REVIEW: The Funhouse [1981]

Rating: 6 out of 10.
  • Rating: R | Runtime: 96 minutes
    Release Date: March 13th, 1981 (USA)
    Studio: Universal Pictures
    Director(s): Tobe Hooper
    Writer(s): Lawrence J. Block

God is watching you.

It wouldn’t surprise me to discover that the pitch Universal Pictures used to court director Tobe Hooper for Lawrence J. Block‘s The Funhouse script was something akin to “think The Texas Chain Saw Massacre, but at a carnival.” That’s pretty much it in a nutshell. Four kids looking for a good time stumble across a deranged family that has no qualms with killing them if they get in the way of living life way outside of the law. Rather than just be rednecks in the woods, however, this crew has gone legit as carnies. They give their patrons a good time, pack up, and head to the next town. That some customers end up dead in the process is dismissed as a case of bad luck.

Amy (Elizabeth Berridge) and Joey Harper’s (Shawn Carson) parents err on the side of caution anyway, telling them they aren’t allowed to attend this year. They read how the bodies found in the attraction’s wake a town over had to be identified by dental records, so they glance up from the television to lay down a set of ground rules we know will be broken in short measure (Amy already told her little brother she was going without him as punishment for scaring her). A lie about going to the movies gets her out the door and into Buzz’s (Cooper Huckabee) car before a quick detour to pick up Liz (Largo Woodruff) and Richie (Miles Chapin) finally leads them into the carnival for fun and frights.

The first half of the film is introductory. We get a sense of who Amy is (the virgin), who her friends are (sexually active teens), and what Buzz is hoping to get out of the evening (his looks of dejection whenever a make-out session is interrupted could kill). There’s Joey sneaking out of his bedroom window to use his allowance money for a ticket in on his own, the creepy vagrants peeing behind tents or preaching about God, and the eclectic workers engaged in magic (William Finley) and divination (Sylvia Miles) with a tendency to let their frustrations out when punk kids show disrespect. And then there’s also the carnival barkers (Kevin Conway) who look and sound enough alike that Amy can’t help but stare at each.

Hooper adds some style by playing with vantage points (the opening scene is chock full of horror nods as a killer hunts down his prey in first-person) and having zero aversion to comedy. Whether Block wrote scenes with humorous intent or not, having a central quartet of too-cool-for-kid-stuff teenagers makes it so anyway. We laugh when Sonia Zomina‘s bag lady scares them and screams about the Lord. We laugh again when Richie can’t stop giggling during Amy’s palm reading. Certain events occur that show we shouldn’t take it all for granted, but it’s nice to have protagonists that recognize the strings. They aren’t afraid of these performers—nor should they be. At least not until they sneak into the funhouse after hours and witness a murder.

Therein lies the second half’s premise and its tenser atmosphere thanks to Amy and company being locked inside the funhouse while its barker and his son (Wayne Doba‘s grunting monster of a man under a Frankenstein mask) search to find them. The teens have proven themselves a liability and must be dealt with so all bodies can be discarded before taking off the next morning. Hooper makes good use of the dark ride’s train cars, surprisingly real weapons, and basement full of industrial fans and gears begging to crush or maim flesh. And with Joey still running about outside, we have to assume we’re heading towards a daring rescue or tragic motivation. Don’t be surprised if Block’s script throws a curveball, though. Anger can lead to regretful decisions.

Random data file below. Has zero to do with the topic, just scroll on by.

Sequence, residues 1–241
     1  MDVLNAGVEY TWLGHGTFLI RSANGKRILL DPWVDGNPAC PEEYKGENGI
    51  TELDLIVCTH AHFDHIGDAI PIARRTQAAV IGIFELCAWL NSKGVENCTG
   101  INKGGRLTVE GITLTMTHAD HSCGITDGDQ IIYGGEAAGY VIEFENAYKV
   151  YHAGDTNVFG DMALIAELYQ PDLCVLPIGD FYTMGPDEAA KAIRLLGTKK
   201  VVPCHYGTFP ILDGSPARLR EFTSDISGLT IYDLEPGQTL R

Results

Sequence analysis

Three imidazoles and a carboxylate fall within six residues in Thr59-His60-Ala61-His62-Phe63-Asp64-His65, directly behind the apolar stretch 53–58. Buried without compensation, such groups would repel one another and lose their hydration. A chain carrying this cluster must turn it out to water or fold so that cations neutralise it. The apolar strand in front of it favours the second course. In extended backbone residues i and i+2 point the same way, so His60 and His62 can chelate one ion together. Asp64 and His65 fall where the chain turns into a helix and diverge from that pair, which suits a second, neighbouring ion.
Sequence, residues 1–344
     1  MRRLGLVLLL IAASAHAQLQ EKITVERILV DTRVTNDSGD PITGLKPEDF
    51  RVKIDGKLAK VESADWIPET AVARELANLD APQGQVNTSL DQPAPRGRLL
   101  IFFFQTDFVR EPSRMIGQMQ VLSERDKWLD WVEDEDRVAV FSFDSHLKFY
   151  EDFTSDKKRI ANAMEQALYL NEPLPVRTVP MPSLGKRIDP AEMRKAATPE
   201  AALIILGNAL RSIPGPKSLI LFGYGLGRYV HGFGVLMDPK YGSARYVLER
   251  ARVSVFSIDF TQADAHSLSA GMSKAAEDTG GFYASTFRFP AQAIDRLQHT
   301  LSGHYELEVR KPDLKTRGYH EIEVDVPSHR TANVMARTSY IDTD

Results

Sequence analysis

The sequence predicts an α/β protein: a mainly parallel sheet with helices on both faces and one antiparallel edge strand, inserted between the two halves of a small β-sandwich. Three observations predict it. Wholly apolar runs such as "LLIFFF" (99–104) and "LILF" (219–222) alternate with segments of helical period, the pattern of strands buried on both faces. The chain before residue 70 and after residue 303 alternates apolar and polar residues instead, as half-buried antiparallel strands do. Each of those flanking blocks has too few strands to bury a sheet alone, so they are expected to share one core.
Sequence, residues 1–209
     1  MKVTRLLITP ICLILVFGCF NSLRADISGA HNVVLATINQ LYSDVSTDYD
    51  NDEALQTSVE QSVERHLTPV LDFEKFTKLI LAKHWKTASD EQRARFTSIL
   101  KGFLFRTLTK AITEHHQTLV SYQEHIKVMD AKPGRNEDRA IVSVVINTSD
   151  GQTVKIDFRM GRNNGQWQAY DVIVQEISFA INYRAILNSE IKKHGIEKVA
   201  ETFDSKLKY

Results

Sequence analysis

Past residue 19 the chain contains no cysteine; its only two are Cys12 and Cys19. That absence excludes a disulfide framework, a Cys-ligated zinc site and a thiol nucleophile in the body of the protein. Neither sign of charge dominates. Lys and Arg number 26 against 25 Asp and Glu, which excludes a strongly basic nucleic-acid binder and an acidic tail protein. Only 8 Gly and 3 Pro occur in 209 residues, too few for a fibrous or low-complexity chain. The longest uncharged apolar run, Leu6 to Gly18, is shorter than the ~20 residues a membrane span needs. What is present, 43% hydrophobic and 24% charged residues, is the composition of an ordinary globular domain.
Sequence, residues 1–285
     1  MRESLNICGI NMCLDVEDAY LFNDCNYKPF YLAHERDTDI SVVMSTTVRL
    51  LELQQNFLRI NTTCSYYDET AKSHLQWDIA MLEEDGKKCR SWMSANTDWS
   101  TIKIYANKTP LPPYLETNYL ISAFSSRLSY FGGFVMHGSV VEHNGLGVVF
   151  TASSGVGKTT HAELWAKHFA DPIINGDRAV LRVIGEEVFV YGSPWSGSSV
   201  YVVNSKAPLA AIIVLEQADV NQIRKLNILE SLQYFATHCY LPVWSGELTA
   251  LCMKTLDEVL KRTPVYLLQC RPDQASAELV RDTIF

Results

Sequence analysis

Everything does make logical sense as a result with no one acting on sentimentality. Richie is a sniveling opportunist, Buzz the brawny wannabe hero, Liz an object of sexual desire, and Amy our heroine leaning into the “last girl” trope throughout. If any are to die, expect those stereotypes to impact how their demise unfolds. Some murders are effective in their brevity (one is hung by a rope connected to a prop and thus lifted out of the others’ reach) while some seem to last forever (the climax has more cuts to characters staring at what will become a killing device than said device doing any actual killing). There’s not much blood spilled on either front, however, so don’t go in expecting a gore-fest. It’s not.

I welcomed that truth because it lets the filmmakers delve deeper into motivations. Rather than receiving a bunch of random victims devoid of purpose beyond their gruesome end, we’re supplied only those with a meaningful role in the narrative, whether they’re breathing or not. This ensures we’re kept somewhat in the dark about a few aspects too. We don’t know who besides the barker and “Frankenstein” is homicidal or what exactly Joey will be able to do to help his sister. Besides the easy guess that Amy will be the last one standing to try fending off the monster, anything and everything remains on the table—especially once the aforementioned bag lady’s warning about “God watching” stops being a joke to issue its intriguing karmic retribution.

Watched in conjunction with Season Eight of Buffalo, NY-based horror series Thursday Night Terrors, curated by Peter Vullo. Logo by Josh Flanigan.

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